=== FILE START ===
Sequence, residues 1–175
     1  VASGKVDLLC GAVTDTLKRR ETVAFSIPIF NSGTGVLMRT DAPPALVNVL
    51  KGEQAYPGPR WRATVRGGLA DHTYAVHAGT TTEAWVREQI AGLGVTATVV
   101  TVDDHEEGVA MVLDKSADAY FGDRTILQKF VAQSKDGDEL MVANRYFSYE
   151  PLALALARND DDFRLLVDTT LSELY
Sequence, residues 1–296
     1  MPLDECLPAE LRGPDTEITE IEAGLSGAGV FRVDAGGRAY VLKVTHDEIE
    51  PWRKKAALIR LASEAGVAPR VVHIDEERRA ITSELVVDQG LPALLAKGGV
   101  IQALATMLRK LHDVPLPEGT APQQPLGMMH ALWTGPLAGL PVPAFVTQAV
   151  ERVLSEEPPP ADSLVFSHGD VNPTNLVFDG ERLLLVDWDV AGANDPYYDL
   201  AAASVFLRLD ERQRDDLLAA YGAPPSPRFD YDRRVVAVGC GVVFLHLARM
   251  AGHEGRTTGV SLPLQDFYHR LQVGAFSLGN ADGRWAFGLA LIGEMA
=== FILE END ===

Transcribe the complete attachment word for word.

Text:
Sequence, residues 1–175
     1  VASGKVDLLC GAVTDTLKRR ETVAFSIPIF NSGTGVLMRT DAPPALVNVL
    51  KGEQAYPGPR WRATVRGGLA DHTYAVHAGT TTEAWVREQI AGLGVTATVV
   101  TVDDHEEGVA MVLDKSADAY FGDRTILQKF VAQSKDGDEL MVANRYFSYE
   151  PLALALARND DDFRLLVDTT LSELY
Sequence, residues 1–296
     1  MPLDECLPAE LRGPDTEITE IEAGLSGAGV FRVDAGGRAY VLKVTHDEIE
    51  PWRKKAALIR LASEAGVAPR VVHIDEERRA ITSELVVDQG LPALLAKGGV
   101  IQALATMLRK LHDVPLPEGT APQQPLGMMH ALWTGPLAGL PVPAFVTQAV
   151  ERVLSEEPPP ADSLVFSHGD VNPTNLVFDG ERLLLVDWDV AGANDPYYDL
   201  AAASVFLRLD ERQRDDLLAA YGAPPSPRFD YDRRVVAVGC GVVFLHLARM
   251  AGHEGRTTGV SLPLQDFYHR LQVGAFSLGN ADGRWAFGLA LIGEMA